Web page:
My work with Poem Store is more like a therapeutic exchange than anything else. The way that I connect with each customer or guest at an event leads to the outcome of the poem I write for them. Ever since I was a child, I’ve been able to connect deeply with just about anyone. I’m an empath, so even if someone doesn’t tell me that much about themself, I can feel what they are going through, I can understand their experience by looking into their eyes or by simply paying attention to their body language. Really, everyone who comes to me either wants to celebrate something in their life or heal something in their life. My Poem Store poems are healing tools, positive verse meant to remind the reader of the bright side, or even just to show the person that I see them, I’m witnessing their pain, and they aren’t alone. To have my audience stand in front of me is such a rare gift for a writer. The muse is instantly looping between us because that’s what connection is: it’s the muse alive and expressive, aching to share and be seen by the other. When I’m alone and writing my books, the process is very different. I have a lot more time to craft images and paint a narrative, to mine new language and find the best way to show my reader something that I went through personally. It’s a different aim, a distinct outcome that belongs to me first and then to my reader. When I write for a Poem Store customer, that poem that comes out of the moment is ours, then theirs, and it’s never mine.
What, do you feel is the role of poetry today? The NEA has reported a rise in the readership of poetry while there exists a decline in the reading of novels. Why do you think the form has taken on importance in the current emotional climate?
Poetry gets to the point very quickly and people’s attention spans have certainly changed. Poetry holds its weight in less words, and so it’s great for people who don’t want to focus for too long, but want to delve into the depths. This political climate and the challenges we are up against socially call for some major awakening and hard work. Poetry enables us to get to the core of the matter faster and transform more rapidly. So I think it’s a blend of short attention spans and a need for radical expression combined. It’s an incredible time to be a poet and I’m excited to see all of the powerful work comes out of this moment in history.
Who are the poets and what are the poems that have moved you most?
The first poem that changed my life is “In the Waiting Room” by Elizabeth Bishop. I was visiting FSU, one of the Florida schools that offered me a full scholarship, and decided to sit it on a poetry class for the day since I knew that’s what I wanted to study. The teacher read this poem and I’d never heard anything so incredible. I was already in love with the beats and with Walt Whitman, but this poem struck me with its sense of self-awareness, with its lens that seemed to take in the whole of time. I chose to go to FSU because of this poem. My favorite poets are Mary Oliver and Wendell Berry. I love every single poem that Mary Oliver wrote. She is the queen of accessibility, something I deem very important in the craft of poetry. I love a lot of esoteric poetry, strange academic work, odd spiritual verse, but the work that’s the most accessible, the work that expresses the magic of the universe in gorgeous language that even my mom can comprehend, that’s the stuff that really inspires me. Mary Oliver does this without fail and Wendell Berry is a close second. They are both naturalists in a sense, writing about the earth, and that’s my favorite subject matter. I’m an ecstatic earth worshiper.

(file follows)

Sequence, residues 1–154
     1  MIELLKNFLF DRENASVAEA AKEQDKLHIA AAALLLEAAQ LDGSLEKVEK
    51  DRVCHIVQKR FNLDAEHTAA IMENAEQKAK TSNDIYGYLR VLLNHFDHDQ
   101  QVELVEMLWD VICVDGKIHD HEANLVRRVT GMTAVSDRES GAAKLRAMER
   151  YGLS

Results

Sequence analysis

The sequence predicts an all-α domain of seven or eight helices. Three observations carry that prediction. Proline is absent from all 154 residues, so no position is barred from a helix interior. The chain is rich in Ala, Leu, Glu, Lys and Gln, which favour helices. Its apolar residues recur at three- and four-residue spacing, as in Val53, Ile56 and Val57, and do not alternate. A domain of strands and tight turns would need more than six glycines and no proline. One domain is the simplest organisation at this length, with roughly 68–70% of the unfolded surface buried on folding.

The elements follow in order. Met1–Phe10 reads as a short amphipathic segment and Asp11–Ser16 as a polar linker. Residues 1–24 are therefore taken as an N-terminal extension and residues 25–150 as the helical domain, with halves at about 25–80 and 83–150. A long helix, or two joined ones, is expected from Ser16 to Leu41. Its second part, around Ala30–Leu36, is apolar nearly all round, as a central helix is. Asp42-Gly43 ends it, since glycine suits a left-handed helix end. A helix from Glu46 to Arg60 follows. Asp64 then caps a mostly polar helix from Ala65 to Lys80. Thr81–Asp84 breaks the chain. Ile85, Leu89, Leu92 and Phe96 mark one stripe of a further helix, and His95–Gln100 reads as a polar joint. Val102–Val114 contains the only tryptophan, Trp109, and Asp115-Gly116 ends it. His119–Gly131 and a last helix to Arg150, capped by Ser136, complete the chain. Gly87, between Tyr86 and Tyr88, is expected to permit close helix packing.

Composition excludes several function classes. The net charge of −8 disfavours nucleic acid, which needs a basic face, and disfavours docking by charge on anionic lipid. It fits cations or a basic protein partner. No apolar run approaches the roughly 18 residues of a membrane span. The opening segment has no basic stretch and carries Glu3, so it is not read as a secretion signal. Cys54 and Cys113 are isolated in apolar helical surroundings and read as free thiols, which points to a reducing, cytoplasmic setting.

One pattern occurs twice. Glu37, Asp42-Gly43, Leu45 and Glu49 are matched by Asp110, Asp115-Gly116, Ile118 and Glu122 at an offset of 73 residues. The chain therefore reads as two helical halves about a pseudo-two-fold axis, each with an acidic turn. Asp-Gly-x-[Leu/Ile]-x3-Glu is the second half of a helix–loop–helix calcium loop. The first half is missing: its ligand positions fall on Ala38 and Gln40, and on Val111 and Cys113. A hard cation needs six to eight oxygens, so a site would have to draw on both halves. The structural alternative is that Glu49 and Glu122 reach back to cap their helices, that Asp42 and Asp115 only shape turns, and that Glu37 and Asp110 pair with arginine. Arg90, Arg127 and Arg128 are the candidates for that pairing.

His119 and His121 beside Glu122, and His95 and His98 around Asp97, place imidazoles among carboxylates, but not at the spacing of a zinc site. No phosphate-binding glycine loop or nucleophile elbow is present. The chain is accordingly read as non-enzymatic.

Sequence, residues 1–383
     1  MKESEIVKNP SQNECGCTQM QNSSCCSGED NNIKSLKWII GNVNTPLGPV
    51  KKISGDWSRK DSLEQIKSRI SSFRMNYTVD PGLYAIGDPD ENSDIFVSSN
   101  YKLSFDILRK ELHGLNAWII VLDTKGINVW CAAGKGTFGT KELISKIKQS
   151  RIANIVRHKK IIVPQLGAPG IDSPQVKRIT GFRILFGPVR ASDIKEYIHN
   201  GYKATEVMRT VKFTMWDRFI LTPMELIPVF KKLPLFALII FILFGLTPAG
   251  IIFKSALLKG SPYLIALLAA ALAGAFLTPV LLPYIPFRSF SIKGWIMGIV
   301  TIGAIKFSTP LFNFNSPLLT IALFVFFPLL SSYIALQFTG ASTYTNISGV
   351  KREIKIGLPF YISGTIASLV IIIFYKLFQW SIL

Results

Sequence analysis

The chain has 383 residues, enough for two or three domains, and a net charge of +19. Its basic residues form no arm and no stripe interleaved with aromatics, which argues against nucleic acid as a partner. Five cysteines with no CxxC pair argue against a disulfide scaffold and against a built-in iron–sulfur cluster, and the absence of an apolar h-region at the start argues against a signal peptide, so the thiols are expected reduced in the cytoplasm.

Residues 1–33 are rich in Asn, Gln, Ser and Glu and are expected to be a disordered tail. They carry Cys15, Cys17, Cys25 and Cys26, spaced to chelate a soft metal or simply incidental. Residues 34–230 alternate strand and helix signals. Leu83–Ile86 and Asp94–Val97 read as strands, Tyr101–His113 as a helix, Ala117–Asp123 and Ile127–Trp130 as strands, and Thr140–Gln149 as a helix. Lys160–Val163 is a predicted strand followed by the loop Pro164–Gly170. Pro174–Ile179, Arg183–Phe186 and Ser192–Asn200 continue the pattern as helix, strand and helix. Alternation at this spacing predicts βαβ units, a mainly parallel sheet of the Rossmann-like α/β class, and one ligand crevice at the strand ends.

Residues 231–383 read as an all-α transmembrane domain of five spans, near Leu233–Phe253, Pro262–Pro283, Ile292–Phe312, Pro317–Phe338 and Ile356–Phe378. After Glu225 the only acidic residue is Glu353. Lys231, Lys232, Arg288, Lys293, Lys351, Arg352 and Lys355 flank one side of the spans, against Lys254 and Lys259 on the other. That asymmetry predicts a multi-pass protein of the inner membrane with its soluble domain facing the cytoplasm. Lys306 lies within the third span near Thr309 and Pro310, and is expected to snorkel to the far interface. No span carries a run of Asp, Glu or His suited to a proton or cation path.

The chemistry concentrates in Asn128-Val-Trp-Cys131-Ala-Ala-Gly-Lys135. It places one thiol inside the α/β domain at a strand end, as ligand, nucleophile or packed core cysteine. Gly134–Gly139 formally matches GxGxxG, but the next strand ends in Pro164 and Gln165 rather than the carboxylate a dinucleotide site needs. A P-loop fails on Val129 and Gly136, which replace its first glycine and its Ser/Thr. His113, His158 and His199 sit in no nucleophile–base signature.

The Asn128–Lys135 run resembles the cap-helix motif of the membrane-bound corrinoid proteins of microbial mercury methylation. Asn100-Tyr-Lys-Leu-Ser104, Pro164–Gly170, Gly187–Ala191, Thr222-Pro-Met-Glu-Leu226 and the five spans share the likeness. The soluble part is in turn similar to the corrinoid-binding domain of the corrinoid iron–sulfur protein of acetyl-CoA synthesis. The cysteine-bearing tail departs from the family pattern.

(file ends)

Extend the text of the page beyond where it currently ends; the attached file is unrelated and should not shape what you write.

You’ve been writing poetry for so long, and are, singularly, a poet. How has your process or voice evolved over the years, and from book to book?
My poetic voice is a tool, so the more I use it, the sharper it is. This means that I’m a better poet with each book that I write. Poem Store has certainly affected my writing style and I have to uncover the rich voice of my personal world outside of that work whenever I sit down at my desk. I like that challenge because it keeps me sharp as well. I’m lucky that I still love my first book The Collected, which came out in 2009. It’s a collection of found photographs with accompanying narrative poems, and whenever I pick it up I’m so happy that I don’t hate it! My process is much more dedicated now that this is my career, but I have always shown up to write because I have to–I can’t really live well without words. But now, I don’t just write in my journal every morning or jot ideas down throughout the day, I also sit down and write for hours, edit for hours, and make the most out of my craft. I’m currently working on three books, so I have to show up everyday! I’ve also grown in my sense of using my poetry as a therapeutic tool. After nine years of Poem Store and all of the phenomenal results I’ve seen, I consider myself a healer and I take that role very seriously. That means my process expands beyond the craft of poetry and into the realm of healing; two muscles combine to create the voice and the work that I put forth into the world now. It’s an honor to practice this thing that feels ancient and larger than I am. I’m grateful and in awe of it every day.
How did poetry enter your world? When did you realize you were a poet?
I started writing short stories, mostly allegories about giraffes and other awkward animals in third grade. I studied creative writing in college, but published my first book of poems, Mirror Domme, this past year.
What is your writing process like? Do you await the muse to arrive or do you have a disciplined practice?
Often in flux. There have been periods of necessity and other times when it’s hard to put something down. I keep a notebook next to my bed to write down my dreams, using them as jumping off points for raw, honest feelings. I can get pretty lethargic during these winter months once the sun goes down, so I try to keep to morning writing.
In addition to being a poet, you are also a creative director and model. How do these various disciplines feed into each other? Do you find there is a continuity to your aesthetic?
I’ve always been drawn to a subtle dark aesthetic across the board in art, film, photography, literature — acknowledging this darkness as a natural part of self exploration, instead of burying it below the surface. I also like the use of negative space in images and poems. That’s been consistent.
Who and what are you reading? Is there a poem or a poet that really touches you?
Right now I’m reading George Saunders’ collection of short stories, In Persuasion Nation. I keep a few poetry books on my dresser — Hummingbird Numina by Gretchen Mattox, From One to The Next by Holly Prado, and Perfecta by Patty Seyburn. I have a few other go-tos by Bataille and Bukowski, but they’re in my attic crawl space until I buy a proper bookcase.
Since you’ve released your book, Mirror Domme, how has the quality of your newer poems evolved? Do you find you have a constant voice or are you in a new chapter of discovery?
Even though I’ve grown a lot in the last year, probably more so than any other year, I’m still continuing to explore themes of ego, truth and control. The main difference is my relationship to self. Older work focused a lot on other people’s perception and attitude towards me. It feels good to start examining identity from within.